Comments > Snadbeetle and the Dunera

Dear Zina,

I have just come across your book the Sandbeetle which I have ordered. I am an Australian musicologist and have become interested in the way in which WWII migration has formed Sydney's musical culture. I was very interested in the fact that Peter Stadlen had come to Australia on the Dunera. How interesting it would have been if he had stayed! Do you by any chance know when he returned? Stadlen is a musician I have long admired and the thought that he came here is intriguing. I know that as soon as soon as Major Julian Layton came out in 1941, arrangements were made to fix up the situation and that some returned home in 1941 even though shipping was scares due to the war and U boat dangers. I look forward to getting your book.
Peter McCallum

April 5, 2015 | Unregistered CommenterPeter McCallum

Dear Peter,
As it happens I got some early documents from Peter Stadlen when I was writing the book. He was already suffering from some form of dementia or at least memory loss when I met him in 1990, and his wife Hedi, to whom he turned all the time for confirmation of his memories. She kept saying to him,'I wasn't there. I don't know.'
As far as I know there was some sort of campaign mounted by Schoenberg to have Stadlen brought back to the UK. As you may know he developed arthritis in his hands and could no longer play the piano and so became a music critic for, I believe, the Daily Telegraph. I think he has sons who are around and who might be able to give you more detail of the exact date that he came back, which I am afraid I don't know.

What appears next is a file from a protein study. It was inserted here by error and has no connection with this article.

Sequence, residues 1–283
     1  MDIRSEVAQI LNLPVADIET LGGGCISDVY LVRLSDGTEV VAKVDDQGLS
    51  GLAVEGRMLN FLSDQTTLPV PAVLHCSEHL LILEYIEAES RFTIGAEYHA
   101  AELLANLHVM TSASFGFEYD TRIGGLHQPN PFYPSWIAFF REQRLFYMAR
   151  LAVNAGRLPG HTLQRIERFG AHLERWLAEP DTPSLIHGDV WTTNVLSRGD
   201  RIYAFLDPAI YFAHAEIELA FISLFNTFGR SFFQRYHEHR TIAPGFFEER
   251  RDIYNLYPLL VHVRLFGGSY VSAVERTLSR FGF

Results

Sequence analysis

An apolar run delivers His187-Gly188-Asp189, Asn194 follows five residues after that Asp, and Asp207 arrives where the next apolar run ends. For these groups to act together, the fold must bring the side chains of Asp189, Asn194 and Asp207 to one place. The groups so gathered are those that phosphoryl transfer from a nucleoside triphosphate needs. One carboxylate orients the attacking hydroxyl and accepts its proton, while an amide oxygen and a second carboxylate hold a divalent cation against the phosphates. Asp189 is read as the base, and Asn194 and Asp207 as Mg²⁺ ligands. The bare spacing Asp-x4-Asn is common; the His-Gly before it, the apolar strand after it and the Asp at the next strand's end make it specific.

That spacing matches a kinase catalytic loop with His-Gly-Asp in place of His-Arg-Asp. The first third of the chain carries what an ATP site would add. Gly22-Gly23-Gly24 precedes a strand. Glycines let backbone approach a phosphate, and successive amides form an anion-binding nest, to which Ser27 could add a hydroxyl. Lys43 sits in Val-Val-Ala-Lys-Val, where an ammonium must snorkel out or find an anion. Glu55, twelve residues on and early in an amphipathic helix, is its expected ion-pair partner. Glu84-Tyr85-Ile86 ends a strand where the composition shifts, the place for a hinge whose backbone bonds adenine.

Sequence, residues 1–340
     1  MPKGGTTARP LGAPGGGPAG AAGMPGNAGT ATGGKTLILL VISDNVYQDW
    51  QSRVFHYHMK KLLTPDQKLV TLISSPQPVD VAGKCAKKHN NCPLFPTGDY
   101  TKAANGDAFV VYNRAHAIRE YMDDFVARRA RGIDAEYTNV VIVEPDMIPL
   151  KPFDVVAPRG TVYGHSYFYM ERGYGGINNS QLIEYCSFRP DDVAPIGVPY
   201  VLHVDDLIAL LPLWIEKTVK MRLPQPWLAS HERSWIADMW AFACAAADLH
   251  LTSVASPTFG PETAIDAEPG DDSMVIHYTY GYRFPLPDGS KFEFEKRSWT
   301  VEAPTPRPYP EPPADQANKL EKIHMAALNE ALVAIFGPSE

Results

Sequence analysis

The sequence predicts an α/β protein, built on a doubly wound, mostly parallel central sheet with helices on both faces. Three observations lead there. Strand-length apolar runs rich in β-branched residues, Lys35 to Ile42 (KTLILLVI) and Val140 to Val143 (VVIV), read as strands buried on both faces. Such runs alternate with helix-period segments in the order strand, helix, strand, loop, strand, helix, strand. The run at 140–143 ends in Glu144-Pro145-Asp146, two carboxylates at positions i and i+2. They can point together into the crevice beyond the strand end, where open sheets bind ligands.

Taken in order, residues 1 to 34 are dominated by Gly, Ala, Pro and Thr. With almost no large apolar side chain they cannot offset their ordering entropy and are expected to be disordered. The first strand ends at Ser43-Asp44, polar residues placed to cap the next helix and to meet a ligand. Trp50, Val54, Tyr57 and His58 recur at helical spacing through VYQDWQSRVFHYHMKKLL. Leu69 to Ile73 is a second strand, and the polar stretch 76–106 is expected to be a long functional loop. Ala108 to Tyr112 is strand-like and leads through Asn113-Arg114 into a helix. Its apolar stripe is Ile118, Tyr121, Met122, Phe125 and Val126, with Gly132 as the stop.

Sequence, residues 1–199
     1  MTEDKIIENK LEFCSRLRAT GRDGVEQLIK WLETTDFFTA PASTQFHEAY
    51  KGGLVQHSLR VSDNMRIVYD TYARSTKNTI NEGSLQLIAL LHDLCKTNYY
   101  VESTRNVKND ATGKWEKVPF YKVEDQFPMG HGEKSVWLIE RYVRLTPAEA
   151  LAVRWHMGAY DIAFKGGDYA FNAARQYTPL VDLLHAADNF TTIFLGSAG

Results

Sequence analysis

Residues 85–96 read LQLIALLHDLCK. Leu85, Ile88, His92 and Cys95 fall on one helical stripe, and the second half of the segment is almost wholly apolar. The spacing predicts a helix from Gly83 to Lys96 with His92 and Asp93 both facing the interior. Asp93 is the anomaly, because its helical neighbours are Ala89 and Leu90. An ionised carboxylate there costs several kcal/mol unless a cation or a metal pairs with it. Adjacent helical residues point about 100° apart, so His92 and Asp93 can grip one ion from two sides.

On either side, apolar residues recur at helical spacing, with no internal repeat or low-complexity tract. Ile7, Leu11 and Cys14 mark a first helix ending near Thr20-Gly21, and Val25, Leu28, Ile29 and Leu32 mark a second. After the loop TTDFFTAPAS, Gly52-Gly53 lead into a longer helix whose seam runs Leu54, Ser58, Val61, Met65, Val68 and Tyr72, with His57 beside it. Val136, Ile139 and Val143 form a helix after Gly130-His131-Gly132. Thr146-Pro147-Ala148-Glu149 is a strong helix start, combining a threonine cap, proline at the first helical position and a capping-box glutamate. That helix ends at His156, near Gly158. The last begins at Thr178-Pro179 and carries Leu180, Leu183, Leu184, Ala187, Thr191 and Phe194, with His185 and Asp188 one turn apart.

My understanding about the return of people who were on the Dunera was that there was pressure on the British Government to petition for their release by people such as Michael Foot, then a young journalist. But when finally approaches were made to the Australian government, they were rebuffed on the grounds that the prisoners had been described as dangerous by the British and there was no way the Australian Government would consider letting them go. It was only with Pearl Harbour that things changed. Those individuals who were prepared to join the Pioneer Corps in Australia could be freed, as could the rest to set off for the UK on unescorted ships. Some of these ships did not make it home, but were torpedoed.
Best wishes

May 2, 2015 | Registered CommenterZina Rohan